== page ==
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Police Search for Answers After California Sikh Man Found Dead

Published by NBC News

Police are investigating the death of a 68-year-old Sikh man found in a canal Monday morning in Fresno, California.

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This story was originally published by NBC News.

Police are investigating the death of a 68-year-old Sikh man found in a canal Monday morning in Fresno, California.

The Fresno County Sheriff-Coroner’s Office in a statement identified the man as Subag Singh of Fresno. He was last seen walking away from his house on the morning of July 23.

Authorities said Singh was wearing a ramal, a bandana-style head covering often worn to the gurdwara, a Sikh house of worship, when he disappeared.

Singh’s body, discovered in the canal by an employee of Fresno Irrigation, showed visible signs of trauma, which prompted the Sheriff’s homicide team to investigate, according to the statement from the Fresno County Sheriff-Coroner’s Office.

Tony Botti, a spokesperson for the sheriff, told NBC News in an email that Singh’s death was not currently being considered a hate crime, though that could change depending on the results of their investigation.

Deep Singh, executive director of the Jakara Movement, a national Sikh youth organizing and advocacy nonprofit founded in Fresno, told NBC News it was too early to tell whether Subag Singh’s death was a crime motivated by hate.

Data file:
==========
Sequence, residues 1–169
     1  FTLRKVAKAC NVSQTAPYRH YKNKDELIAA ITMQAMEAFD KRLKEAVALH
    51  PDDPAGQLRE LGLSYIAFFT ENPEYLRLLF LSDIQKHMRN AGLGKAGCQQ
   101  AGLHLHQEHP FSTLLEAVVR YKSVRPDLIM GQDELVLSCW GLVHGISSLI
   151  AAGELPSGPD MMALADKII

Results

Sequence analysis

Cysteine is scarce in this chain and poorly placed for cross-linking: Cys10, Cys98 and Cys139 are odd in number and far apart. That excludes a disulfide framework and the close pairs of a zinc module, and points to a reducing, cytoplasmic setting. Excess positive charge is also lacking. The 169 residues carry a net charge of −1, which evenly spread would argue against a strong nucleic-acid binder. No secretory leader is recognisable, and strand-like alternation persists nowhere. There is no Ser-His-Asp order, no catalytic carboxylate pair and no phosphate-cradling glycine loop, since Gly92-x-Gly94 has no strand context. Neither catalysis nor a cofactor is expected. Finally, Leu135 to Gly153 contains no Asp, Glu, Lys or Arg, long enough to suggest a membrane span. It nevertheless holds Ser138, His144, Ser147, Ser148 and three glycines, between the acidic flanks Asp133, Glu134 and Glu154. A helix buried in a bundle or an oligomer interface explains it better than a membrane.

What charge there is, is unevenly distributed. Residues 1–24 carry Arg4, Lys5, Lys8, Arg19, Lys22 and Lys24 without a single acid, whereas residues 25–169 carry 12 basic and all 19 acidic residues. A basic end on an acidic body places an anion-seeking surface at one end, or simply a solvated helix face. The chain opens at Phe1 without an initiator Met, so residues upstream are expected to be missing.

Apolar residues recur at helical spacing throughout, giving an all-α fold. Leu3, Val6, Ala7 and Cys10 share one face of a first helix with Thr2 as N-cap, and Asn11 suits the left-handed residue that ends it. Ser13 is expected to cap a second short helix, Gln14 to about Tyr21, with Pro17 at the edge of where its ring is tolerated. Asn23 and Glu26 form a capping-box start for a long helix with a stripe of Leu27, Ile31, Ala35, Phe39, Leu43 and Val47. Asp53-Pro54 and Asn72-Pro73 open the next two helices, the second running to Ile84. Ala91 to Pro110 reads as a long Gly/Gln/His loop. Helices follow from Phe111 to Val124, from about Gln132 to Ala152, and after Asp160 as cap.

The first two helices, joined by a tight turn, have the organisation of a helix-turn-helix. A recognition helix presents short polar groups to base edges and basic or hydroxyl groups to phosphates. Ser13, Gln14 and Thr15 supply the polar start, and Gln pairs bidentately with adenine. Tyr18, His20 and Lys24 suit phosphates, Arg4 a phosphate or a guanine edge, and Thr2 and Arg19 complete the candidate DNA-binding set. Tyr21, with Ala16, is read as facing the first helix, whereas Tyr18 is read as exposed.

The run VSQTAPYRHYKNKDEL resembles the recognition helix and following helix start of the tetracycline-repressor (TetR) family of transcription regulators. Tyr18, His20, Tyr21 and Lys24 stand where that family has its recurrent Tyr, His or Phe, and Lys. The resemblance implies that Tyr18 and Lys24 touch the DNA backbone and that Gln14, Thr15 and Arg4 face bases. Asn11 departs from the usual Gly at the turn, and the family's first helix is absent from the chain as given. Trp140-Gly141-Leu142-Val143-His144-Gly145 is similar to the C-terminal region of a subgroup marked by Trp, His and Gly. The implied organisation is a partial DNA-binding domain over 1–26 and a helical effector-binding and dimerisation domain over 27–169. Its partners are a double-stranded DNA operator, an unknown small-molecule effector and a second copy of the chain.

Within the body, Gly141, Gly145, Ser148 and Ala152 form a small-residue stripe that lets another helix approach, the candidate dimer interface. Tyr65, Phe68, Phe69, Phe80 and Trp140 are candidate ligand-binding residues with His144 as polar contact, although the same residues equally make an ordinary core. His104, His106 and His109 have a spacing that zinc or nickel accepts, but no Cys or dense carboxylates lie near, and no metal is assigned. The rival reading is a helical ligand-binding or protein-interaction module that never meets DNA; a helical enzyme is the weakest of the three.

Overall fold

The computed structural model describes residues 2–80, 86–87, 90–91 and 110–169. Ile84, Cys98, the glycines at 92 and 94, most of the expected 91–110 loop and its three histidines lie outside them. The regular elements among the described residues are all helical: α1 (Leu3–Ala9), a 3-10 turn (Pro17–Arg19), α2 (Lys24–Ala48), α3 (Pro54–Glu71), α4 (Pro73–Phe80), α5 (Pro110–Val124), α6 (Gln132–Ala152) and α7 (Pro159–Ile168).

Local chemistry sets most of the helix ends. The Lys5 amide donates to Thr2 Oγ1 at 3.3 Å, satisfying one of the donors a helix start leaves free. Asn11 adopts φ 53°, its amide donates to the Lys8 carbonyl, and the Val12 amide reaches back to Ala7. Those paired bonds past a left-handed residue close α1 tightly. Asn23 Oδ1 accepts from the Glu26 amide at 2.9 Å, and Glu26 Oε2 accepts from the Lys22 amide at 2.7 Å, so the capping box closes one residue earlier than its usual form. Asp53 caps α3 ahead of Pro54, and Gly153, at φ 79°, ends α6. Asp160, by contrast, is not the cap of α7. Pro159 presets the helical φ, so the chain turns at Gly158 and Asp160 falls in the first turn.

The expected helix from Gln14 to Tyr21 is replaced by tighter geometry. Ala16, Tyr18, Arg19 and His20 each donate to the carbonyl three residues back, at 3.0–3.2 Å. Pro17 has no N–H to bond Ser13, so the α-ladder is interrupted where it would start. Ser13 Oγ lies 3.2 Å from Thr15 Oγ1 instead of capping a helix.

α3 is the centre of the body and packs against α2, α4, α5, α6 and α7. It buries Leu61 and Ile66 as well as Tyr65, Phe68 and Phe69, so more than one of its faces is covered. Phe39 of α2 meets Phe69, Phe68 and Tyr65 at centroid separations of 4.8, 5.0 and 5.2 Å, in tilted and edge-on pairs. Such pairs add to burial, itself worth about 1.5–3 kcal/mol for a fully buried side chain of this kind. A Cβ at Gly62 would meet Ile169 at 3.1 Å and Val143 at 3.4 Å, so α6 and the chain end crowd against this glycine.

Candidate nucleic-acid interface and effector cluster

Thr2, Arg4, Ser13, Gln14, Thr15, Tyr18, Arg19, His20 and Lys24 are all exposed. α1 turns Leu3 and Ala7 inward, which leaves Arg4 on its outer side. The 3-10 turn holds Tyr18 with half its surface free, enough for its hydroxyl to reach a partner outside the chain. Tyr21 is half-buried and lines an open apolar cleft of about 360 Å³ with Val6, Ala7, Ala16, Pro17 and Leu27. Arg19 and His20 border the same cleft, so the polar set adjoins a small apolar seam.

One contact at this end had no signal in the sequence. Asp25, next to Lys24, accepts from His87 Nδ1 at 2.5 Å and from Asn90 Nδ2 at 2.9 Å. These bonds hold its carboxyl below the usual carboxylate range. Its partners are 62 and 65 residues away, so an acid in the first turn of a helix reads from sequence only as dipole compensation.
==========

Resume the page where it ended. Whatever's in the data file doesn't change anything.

“I tend to be on the cautious side of these things,” he said.

“But at the same time there have been a number of hate crimes against Sikhs in the region,” Deep Singh added.

Over the years, Sikhs have found themselves the target of hate crimes amid anti-Muslim sentiment since the Sept. 11, 2001, terrorist attacks.

Sikhs are often recognizable for the turbans they wear, which symbolize a commitment to uphold Sikh values of equality, kindness, justice, and compassion.

Since 9/11, federal authorities have investigated more than 800 incidents against Sikhs, Muslims, South Asian Americans, Arab Americans, and others perceived to be of Middle Eastern origin, according the U.S. Justice Department. Those cases have involved violence, threats, arson, and vandalism.

One that continues to weigh on the minds of Sikhs everywhere is the 2012 massacre at the Sikh Temple of Wisconsin, which killed six. The fifth anniversary of that shooting rampage will be remembered on Aug. 5.

In an effort to raise awareness about an often misunderstood religion, the nonprofit National Sikh Campaign launched a “We are Sikhs” campaign in April, which included advertisements on television.

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